Word recognition behavior can be fine-tuned by experience and practice, according to a new study by Ian Hargreaves and colleagues from the University of Calgary in Canada. Their work shows, for the first time, that it is possible to develop visual word recognition ability in adulthood, beyond what researchers thought was achievable. Competitive Scrabble players provide the proof.
The study is published online in Springer's journal Memory & Cognition.
Competitive Scrabble involves extraordinary word recognition experience. Expert players typically dedicate large amounts of time to studying the 180,000 words listed in The Official Tournament and Club Word List. Hargreaves and colleagues wanted to establish the effects of experience on visual word recognition. They compared the visual word recognition behaviors of competitive Scrabble players and non-expert participants using a version of the classic word recognition model -- the lexical decision task -- where subjects need to make a quick decision about whether the word shown to them is a real word.
In a series of two experiments, the authors showed participants words presented both vertically and horizontally, as well as common concrete (e.g. truck) and abstract (e.g. truth) words and measured how quickly, and how, they made judgements about those words. The first experiment among 23 undergraduate students established a baseline i.e. what we might typically observe in individuals. The second experiment compared the performances of 23 competitive Scrabble players and 23 non-expert controls of the same age, to account for the effects of age i.e. older adults are likely to have a larger vocabulary and have had greater exposure to printed material over the years.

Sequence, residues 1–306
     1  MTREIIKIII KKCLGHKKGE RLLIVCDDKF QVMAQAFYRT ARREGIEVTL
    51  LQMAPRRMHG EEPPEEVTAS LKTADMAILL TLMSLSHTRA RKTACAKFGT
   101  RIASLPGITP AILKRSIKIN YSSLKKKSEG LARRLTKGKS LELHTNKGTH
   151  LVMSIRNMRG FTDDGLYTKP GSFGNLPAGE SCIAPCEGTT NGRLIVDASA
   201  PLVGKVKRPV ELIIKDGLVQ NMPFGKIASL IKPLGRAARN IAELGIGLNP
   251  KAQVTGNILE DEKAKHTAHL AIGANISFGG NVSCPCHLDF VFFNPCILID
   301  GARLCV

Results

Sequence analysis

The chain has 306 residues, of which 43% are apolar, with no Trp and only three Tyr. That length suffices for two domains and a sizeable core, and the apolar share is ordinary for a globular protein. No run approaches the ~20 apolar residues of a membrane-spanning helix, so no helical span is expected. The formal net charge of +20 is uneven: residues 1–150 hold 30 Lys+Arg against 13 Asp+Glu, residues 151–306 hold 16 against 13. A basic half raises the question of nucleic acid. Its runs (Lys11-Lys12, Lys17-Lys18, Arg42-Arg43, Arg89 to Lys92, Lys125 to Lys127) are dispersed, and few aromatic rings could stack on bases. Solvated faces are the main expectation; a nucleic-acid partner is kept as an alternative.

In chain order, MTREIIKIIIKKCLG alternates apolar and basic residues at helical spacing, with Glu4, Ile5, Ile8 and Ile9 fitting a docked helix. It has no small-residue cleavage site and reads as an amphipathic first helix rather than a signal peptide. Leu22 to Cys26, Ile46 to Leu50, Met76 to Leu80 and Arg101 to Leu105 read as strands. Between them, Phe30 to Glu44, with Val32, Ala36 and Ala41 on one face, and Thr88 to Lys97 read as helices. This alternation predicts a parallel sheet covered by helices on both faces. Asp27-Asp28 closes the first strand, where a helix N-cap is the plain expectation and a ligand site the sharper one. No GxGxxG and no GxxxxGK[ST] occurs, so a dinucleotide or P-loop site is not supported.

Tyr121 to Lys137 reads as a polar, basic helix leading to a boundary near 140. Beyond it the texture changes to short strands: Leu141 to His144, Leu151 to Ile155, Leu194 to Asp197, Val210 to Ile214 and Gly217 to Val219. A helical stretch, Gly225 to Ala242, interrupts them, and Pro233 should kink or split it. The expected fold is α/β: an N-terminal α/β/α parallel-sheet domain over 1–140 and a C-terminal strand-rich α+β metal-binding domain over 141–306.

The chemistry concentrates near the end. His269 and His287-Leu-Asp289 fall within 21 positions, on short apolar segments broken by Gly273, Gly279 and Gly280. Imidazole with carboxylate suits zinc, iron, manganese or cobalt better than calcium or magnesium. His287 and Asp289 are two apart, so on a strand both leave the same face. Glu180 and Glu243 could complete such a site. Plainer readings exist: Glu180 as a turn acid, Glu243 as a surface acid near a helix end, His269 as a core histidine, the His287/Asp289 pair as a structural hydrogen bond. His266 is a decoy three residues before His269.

Competitive Scrabble players' visual word recognition behavior differed significantly from non-experts' for letter-prompted verbal fluency (coming up with words beginning with a specific letter) and anagramming accuracy, two Scrabble-specific skills. Competitive players were faster to judge whether or not a word was real. They also judged the validity of vertical words faster than non-experts and were quicker at picking up abstract words than non-competitive players. These findings indicate that Scrabble players are less reliant on the meaning of words to judge whether or not they are real, and more flexible at word recognition using orthographic information.
The authors conclude: "Our results suggest that visual word recognition is shaped by experience and, that with experience, there are efficiencies to be had even in the adult world recognition system. Competitive Scrabble players are visual word recognition experts and their skill pushes the bounds of what we previously considered the end-point of development of the word recognition system."
- Ian S. Hargreaves, Penny M. Pexman, Lenka Zdrazilova, Peter Sargious. How a hobby can shape cognition: visual word recognition in competitive Scrabble players. Memory & Cognition, 2011; DOI: 10.3758/s13421-011-0137-5
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